Once upon a time I was a fairly young man, attending a Junior College near Sonora, California. A darling young woman and I happily cohabited in the ground floor rental of a two-story year-around cabin up in the Sierra foothills, in Long Barn, a small community of many, many weekend cabins and a very few others occupied by actual residents. Weekdays were generally idyllic, but with the coming of Spring the weekends were a zoo, with every kind of off-road vehicle grunting up and down our one-car-wide streets and dirt bikes swarming like large bees over any unfenced open space.
There was one kid in particular who had discovered a nice jump zone in our yard – he would tear past the kitchen window, hit the small rise just after the back steps, and see how far he could fly to the flat area maybe fifteen feet below. He typically did that just a few times a day, until I flagged him down and asked him to please not do that anymore. He appeared perhaps an hour later with his large and surly father, who explained bluntly that as landowners they had the right to ride or drive wherever they damned well pleased, whereas I, as a mere renter, had no rights at all. After this, the kid made a point of ripping off as many laps as he could in a day, usually starting around sunup.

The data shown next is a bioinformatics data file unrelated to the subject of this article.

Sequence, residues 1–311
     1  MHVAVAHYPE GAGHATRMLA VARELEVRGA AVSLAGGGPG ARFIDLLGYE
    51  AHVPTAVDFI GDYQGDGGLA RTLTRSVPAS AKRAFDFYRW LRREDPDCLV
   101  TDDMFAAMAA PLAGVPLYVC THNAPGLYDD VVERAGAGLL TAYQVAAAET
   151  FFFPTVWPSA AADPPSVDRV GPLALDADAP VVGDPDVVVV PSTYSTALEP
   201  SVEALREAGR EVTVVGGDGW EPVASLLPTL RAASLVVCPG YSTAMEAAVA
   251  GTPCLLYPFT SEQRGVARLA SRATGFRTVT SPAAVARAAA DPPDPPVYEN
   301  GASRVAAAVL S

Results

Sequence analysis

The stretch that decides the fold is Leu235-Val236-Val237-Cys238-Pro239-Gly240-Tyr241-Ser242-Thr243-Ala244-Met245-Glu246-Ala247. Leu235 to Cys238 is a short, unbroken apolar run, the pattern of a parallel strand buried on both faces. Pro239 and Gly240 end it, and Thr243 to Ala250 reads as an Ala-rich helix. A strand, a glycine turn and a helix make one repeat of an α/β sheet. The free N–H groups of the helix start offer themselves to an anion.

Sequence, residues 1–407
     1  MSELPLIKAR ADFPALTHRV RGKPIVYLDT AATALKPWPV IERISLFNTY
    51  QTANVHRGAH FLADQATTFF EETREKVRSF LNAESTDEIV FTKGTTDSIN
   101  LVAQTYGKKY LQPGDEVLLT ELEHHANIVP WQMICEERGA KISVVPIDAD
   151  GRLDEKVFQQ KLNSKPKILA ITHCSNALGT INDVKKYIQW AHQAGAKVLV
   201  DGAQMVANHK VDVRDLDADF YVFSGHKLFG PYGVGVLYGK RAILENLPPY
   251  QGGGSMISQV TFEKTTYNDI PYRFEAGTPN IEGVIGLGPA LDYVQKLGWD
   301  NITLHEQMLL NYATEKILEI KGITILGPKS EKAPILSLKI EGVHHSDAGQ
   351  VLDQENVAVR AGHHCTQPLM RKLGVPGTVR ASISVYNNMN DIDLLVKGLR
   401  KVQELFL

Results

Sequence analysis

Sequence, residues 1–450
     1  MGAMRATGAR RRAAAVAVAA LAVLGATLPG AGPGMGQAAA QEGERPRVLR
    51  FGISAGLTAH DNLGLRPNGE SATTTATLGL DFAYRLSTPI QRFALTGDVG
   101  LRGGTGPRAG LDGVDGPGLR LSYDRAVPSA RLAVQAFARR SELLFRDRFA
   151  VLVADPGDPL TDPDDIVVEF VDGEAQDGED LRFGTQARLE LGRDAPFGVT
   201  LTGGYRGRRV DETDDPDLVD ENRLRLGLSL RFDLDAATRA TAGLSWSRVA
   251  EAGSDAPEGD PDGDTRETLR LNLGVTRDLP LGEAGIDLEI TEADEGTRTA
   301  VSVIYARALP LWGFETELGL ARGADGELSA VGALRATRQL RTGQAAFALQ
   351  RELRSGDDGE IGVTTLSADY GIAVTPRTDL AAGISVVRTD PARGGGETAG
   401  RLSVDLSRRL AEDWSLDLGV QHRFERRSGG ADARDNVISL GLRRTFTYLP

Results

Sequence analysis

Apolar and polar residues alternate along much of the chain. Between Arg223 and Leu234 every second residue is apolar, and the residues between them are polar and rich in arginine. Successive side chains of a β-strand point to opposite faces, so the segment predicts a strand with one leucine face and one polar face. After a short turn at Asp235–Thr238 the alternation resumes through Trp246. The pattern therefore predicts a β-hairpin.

One midweek morning we woke to a ghastly stench: the septic tank had stopped taking contributions, which were now filling up our shower. The woman upstairs had called the landlord, so when we left for school we left the door open for the landlord’s crew, not to mention some fresh air. The place was cleaned up perfectly when we got home that evening, but there was an open pit in the lower yard full of sewage, some obviously recent. There was also an apologetic note from the landlord asking us to use the plumbing as little as possible – the waste truck people had been called, but as these things happened so often early in the season they couldn’t be there until next Tuesday …
And so it was that as Saturday was dawning, the peaceful mountain air was torn with the rip of a two-stroke bike engine accelerating past the kitchen window, a scream from the engine as the bike cleared its hurdle, another scream from the rider, and a most satisfying splash.
We told the enraged father that, as mere tenants, we had no say in or responsibility for the digging of that pit, and neither the right nor obligation to install fencing or post a warning. We gave him the landlord’s name and phone number, and suggested that this was properly a dispute between landowners. And then we went down to the lodge and splurged on one hell of a breakfast.